GT&T’s Chief Executive Officer Yog Mahadeo might have been onto something when he boastingly announced at the final of the English segment of the company’s jingle and song competition that the number one thing on people’s mind last month was the competition.

Or might he have gone overboard? Guyanese could not be so fickle-minded that the competition was foremost on their minds instead of the then impending national and regional elections? Or could they?

That being said, Jack must be given his Jacket and we will admit that the English segment of the jingle and song competition this year is something to write home about. (We admit total ignorance of the Indian segment.) The company has raised the bar of local song competitions in this country and it would be a tough act to follow by others. While it has nothing on, let’s say American Idol, the competition can hold its own.

The calibre of singers has also improved. It was a joy most of the time to listen to them, although we did not agree with some of the song selections. There are a few whose performances will remain with us for a long time because they are such great entertainers. We believe their futures are bright.
Take for instance the very versatile Diana Chapman. This heavily pregnant songstress gave us many a scare as she performed some dance moves during some of her electrifying performances. Many women who are not pregnant can only dream of performing like that.

While we love Diana we would say that Brandon Harding is the man of the moment. This youngster is a true performer. Brandon has mesmerised the viewing public since he took the stage. Though there has been talk that he should not be there because he is a professional, we think he is right where he belongs. He is an entertainer who has been Linden’s secret for quite some time as we have never heard of him and he has sang and entertained his way into the hearts of the public.

We love Poonam Singh but we were a bit surprised that she got into the final after her jaw-dropping semi-final performance. How could you walk off the stage in the middle of your performance and still make it to the final? Perhaps that will remain one of those questions which are never answered. However, Poonam did not disappoint, she clung to the reprieve granted and would have made Natalie Cole proud with her performance of “I Miss You Like Crazy”.

There is also crazy love for teenager Calais Peterkin; the girl gives us goose bumps when she pulls a note.
Nikeshia Alexander is also a joy to watch; she is a beautiful young woman with a soothing voice.

Onika Joseph, Ernesta Nelson, Esther Osbourne and Jenelle Pierre are all good singers in their own right, if not they would not have been there.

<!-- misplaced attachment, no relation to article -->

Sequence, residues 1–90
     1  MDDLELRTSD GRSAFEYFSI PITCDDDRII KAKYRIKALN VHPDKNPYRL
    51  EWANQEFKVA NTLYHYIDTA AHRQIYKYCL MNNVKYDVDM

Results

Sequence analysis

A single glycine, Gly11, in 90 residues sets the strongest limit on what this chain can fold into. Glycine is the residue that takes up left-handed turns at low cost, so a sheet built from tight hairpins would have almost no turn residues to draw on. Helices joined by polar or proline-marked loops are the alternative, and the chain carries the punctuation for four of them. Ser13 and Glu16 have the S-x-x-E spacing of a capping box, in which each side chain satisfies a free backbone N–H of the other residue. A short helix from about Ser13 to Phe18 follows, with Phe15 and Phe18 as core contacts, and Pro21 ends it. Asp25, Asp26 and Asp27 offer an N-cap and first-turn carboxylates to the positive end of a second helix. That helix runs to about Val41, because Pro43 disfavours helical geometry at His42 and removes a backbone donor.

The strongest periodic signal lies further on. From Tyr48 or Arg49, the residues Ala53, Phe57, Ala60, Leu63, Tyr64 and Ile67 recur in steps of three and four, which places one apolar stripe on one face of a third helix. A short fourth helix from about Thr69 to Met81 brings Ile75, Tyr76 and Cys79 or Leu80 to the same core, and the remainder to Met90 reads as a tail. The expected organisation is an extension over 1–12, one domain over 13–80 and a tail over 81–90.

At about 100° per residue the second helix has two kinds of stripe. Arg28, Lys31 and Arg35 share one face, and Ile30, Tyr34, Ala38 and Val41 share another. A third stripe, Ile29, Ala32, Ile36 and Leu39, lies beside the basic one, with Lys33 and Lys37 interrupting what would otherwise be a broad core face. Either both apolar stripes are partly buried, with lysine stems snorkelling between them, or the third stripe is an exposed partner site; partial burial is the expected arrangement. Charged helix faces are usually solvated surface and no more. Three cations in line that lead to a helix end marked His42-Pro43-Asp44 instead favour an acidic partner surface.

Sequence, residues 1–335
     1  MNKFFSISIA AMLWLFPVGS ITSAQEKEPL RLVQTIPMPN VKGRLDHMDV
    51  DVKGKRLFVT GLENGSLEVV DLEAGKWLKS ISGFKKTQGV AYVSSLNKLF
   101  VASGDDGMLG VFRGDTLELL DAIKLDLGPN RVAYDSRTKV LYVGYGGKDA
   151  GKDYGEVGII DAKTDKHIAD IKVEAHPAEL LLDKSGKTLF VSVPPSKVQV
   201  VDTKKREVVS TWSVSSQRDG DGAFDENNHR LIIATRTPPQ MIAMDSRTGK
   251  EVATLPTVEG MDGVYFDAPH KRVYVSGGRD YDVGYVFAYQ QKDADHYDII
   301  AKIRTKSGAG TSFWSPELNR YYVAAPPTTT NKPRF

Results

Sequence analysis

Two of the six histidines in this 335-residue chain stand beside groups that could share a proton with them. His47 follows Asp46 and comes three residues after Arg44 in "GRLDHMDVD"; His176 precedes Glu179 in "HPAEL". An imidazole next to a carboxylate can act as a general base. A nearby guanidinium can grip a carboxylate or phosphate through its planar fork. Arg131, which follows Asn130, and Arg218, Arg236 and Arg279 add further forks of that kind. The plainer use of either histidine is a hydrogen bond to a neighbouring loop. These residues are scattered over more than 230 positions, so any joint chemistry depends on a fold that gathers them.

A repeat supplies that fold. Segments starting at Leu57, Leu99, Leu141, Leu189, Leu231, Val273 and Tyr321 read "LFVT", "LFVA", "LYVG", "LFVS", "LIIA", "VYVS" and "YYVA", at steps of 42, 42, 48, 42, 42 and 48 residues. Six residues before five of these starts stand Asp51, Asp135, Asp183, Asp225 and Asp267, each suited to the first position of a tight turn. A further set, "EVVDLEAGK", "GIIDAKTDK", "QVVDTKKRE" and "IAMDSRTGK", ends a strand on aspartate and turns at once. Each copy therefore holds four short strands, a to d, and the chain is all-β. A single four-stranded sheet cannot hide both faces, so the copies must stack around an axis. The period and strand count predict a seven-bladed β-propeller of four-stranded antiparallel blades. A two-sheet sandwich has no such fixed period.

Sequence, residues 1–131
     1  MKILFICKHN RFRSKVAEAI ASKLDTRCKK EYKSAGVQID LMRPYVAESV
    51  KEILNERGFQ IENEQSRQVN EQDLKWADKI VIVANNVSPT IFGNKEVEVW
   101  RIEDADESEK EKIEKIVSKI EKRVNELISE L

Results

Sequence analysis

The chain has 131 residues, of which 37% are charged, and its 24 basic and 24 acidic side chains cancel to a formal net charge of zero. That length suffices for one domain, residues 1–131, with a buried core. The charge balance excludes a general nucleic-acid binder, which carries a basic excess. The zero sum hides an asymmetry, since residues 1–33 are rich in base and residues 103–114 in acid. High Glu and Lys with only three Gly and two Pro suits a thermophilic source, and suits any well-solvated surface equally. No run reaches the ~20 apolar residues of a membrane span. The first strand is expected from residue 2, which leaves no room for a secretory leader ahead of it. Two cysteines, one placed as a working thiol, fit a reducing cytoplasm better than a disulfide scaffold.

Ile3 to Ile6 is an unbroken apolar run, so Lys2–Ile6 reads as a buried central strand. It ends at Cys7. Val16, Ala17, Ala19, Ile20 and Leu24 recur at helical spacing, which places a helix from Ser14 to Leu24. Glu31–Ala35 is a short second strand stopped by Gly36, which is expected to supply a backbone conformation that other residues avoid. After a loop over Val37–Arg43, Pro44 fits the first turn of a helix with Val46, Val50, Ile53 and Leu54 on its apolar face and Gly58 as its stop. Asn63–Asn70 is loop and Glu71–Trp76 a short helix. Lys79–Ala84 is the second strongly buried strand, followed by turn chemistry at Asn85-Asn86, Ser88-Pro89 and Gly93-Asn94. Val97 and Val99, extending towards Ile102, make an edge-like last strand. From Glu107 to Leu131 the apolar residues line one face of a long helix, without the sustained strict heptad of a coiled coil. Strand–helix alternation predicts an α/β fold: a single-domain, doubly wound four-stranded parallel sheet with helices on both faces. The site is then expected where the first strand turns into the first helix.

We would suggest that Ernesta drop some of the drama; it adds nothing to her performance and is a bit annoying. The taking down of the band prolongs her performance and can be boring at times.

We saved the last comment for the adorable ten-year-old Nia Allen. She is indeed a brave child to take to the stage in front of such large crowds knowing that the television cameras are on her. We do not agree with Judge Gordon Moseley that she is too young for the competition and rather should be watching Dora or be in bed. In fact we heavily disagree with that comment. However, what we would say, in our humble view, and as mildly as possible, is that Nia is out of her league in this competition. We are not sure how she got to the final but we have concluded that Guyanese and maybe the judges fell in love with the petite little darling who is bold and witty.

The selection of the judges raised some eyebrows but we think it panned out well. Moseley admitted time and time again that he does not know a whole lot about singing, but his sharp and sometimes seemingly cruel critiques added something to the competition; he never sugar-coated the truth.

Sean Bhola knows his music and he always had some advice for the contestants. But why in heaven’s name does he pause for ten years between sentences?

Charmaine Blackman always harped upon the contestants not harmonizing and having the wrong diction but we think it was her outfits and crazy hairstyles that drew people to her.

Joel Gansham’s theatrics were a little overworked at times but the live audience seemed to have loved it. And we think he endeared himself to some of the viewing public; just not us.

There are a few who had their eyes set on the car but did not make the cut, who many are going to remember. There was a man who could give Jumo ‘Rubber waist’ Primo a run for his money the way he worked his waist even when he was singing oldies. Moseley’s comment “you wining fast, you wining slow,” in reference to this contestant is one that will also be remembered.

The ‘fruit man’ is also one who would be remembered. His composition of songs focusing entirely on fruits was funny and GT&T’s decision to bring him back for a performance at the semi-final was a nice touch.

But it was the young woman who attempted Terry Gajraj’s “Guyana Baboo” who took the cake. Poor Terry would have been horrified if he had heard her slaughter his song and change the word Baboo to Baboon. Quite rightly, we never heard of her again after the audition stage.

Hats off to Mr Mahadeo and his team organising a competition with a difference, it has indeed brought a buzz to the streets of Georgetown and further afield.
(thescene@stabroeknews.com)

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